Changing Corporate Governance in France in the Late Twentieth Century

  • Peter WirtzEmail author
Living reference work entry


France belongs to those highly developed western European countries that belong to the G7, the group of seven countries with the most developed national economies. Its national capital, Paris, is home to the Organization for Economic Co-operation and Development (OECD). OECD is an active promoter of international standards of corporate governance best practice. Historically, governance practices are however highly heterogeneous when comparing different national settings. At present, France shares most of the characteristics of a liberal market economy, and its code of reference for corporate governance was the first of its kind in continental Europe when first published in 1995. France’s economic history, however, has a longstanding tradition of interventionism by the State, and liberal market mechanisms did not have the favor of the political elite after World War II. Since the middle of the 1980s, the French system of corporate governance has undergone major transformations at a relatively fast pace. The public administration has increasingly retired from its active role in corporate governance matters, increasing the weight of shareholder-oriented market mechanisms. This chapter retraces the history of the French corporate governance system over the second half of the twentieth century. Significant change is shown to have occurred in three stages, whose underlying rationale appears to be broadly consistent with North’s theory of institutional change.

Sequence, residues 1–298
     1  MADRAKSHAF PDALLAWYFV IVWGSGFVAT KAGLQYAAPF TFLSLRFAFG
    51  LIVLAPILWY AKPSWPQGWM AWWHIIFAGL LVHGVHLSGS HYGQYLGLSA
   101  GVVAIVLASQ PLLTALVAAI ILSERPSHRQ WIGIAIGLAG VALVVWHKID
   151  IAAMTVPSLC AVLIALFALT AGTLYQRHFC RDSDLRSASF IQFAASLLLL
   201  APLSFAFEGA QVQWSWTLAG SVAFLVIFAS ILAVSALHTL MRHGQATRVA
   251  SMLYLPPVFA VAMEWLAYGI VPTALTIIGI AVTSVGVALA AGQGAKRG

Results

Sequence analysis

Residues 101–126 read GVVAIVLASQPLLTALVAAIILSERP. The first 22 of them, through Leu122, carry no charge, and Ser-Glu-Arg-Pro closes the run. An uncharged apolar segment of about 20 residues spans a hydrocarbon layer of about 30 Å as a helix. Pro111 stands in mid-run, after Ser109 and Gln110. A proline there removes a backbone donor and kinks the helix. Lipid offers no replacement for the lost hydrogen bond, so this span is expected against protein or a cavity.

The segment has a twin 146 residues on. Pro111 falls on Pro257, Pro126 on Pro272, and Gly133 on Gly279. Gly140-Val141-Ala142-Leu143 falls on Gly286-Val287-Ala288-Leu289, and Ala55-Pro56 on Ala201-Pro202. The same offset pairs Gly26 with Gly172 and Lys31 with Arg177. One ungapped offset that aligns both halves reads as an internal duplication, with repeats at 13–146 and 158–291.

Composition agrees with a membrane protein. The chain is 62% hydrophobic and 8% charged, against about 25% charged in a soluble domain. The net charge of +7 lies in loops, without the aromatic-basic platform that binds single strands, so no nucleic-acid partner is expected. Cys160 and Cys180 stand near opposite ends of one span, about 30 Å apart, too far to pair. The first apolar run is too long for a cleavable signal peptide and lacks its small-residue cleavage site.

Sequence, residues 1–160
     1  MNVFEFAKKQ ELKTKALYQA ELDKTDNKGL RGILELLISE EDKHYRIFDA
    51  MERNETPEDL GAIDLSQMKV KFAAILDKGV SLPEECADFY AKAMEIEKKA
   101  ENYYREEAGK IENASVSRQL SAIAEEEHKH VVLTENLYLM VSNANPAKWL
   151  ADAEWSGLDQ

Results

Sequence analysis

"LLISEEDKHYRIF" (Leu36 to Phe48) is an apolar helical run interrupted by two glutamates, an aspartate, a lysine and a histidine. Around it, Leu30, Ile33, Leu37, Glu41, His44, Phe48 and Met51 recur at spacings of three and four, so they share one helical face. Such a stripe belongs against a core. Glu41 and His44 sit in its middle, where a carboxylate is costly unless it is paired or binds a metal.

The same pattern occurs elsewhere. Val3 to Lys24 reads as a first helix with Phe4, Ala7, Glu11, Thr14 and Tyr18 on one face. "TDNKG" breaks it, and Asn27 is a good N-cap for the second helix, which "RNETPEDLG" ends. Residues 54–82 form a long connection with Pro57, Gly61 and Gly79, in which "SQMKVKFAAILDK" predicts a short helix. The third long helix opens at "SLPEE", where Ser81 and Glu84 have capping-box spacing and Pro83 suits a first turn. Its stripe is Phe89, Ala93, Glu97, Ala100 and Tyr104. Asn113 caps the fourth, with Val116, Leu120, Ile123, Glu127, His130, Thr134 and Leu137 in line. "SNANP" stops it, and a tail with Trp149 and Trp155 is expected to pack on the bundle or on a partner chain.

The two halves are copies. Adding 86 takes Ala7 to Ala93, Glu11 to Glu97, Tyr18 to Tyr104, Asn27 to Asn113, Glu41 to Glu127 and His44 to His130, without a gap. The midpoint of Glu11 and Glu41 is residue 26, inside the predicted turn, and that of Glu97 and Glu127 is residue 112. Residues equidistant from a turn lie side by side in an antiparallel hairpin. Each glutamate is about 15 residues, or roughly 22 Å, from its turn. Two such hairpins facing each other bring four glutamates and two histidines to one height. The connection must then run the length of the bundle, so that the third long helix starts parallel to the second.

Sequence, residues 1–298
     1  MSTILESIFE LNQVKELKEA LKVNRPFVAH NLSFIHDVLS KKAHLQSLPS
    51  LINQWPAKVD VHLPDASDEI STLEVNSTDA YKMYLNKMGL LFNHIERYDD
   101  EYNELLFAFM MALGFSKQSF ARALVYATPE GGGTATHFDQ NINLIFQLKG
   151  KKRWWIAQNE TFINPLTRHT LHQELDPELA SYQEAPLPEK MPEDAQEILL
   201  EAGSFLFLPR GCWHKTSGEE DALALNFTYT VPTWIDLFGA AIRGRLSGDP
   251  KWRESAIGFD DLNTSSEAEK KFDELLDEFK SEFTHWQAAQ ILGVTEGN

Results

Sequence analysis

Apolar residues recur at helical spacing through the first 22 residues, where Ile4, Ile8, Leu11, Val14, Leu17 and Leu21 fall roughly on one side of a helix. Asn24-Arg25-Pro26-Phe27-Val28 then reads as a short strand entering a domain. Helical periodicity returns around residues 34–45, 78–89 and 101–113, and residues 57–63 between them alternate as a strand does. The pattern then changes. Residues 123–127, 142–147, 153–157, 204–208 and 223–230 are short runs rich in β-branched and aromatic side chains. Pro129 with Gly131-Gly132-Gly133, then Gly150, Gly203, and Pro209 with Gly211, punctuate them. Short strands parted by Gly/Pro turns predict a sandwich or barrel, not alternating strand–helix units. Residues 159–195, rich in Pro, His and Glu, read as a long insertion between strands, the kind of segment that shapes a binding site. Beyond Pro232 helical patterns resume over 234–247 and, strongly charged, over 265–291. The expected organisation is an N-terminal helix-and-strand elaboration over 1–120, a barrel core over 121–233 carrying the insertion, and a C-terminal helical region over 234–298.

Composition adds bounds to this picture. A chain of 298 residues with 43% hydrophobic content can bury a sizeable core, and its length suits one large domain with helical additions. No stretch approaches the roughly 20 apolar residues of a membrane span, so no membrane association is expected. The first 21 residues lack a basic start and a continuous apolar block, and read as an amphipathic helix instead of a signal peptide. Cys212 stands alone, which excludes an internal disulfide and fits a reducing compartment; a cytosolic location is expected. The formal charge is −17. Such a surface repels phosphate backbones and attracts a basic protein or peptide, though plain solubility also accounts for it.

Corporate governance France Institutional change Mental patterns Shareholder orientation Stakeholder orientation 


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© The Author(s), under exclusive license to Springer Nature Switzerland AG 2019

Authors and Affiliations

  1. 1.IAE Lyon School of Management, Magellan Research CenterUniversity of LyonLyonFrance

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